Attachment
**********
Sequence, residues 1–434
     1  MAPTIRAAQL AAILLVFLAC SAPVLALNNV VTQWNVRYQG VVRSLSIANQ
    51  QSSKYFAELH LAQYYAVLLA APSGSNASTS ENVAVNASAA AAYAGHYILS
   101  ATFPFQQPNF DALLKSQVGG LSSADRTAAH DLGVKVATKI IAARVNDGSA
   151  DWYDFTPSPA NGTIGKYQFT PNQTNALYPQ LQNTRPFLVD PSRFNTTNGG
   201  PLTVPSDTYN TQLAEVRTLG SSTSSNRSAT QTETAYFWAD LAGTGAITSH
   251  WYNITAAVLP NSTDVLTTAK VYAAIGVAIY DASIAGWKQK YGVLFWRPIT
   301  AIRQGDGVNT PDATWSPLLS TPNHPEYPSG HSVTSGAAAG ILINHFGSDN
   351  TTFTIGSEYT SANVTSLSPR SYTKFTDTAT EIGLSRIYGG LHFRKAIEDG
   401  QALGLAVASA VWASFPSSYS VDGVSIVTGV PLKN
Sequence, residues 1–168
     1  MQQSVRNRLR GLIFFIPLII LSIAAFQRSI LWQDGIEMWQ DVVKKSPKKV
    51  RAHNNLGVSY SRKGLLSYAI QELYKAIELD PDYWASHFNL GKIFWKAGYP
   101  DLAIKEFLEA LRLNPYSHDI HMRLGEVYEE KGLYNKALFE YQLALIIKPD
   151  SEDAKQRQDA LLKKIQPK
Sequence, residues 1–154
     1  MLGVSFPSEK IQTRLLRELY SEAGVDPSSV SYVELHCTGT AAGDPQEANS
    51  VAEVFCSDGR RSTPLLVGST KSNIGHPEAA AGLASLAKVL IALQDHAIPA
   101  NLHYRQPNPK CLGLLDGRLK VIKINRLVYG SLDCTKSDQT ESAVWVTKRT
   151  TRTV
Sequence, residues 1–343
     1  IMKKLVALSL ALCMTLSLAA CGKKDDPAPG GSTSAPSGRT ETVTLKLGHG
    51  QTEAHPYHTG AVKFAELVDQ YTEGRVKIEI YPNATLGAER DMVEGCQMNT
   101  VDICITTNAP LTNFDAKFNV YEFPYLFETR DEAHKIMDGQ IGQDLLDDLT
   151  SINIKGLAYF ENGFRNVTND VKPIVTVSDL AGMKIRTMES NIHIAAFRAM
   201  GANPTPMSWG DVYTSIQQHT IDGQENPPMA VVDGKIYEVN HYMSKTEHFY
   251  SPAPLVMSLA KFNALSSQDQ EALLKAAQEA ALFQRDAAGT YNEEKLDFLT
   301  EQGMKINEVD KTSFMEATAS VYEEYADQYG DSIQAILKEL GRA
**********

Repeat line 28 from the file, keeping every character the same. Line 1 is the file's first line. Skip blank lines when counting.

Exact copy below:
   301  EQGMKINEVD KTSFMEATAS VYEEYADQYG DSIQAILKEL GRA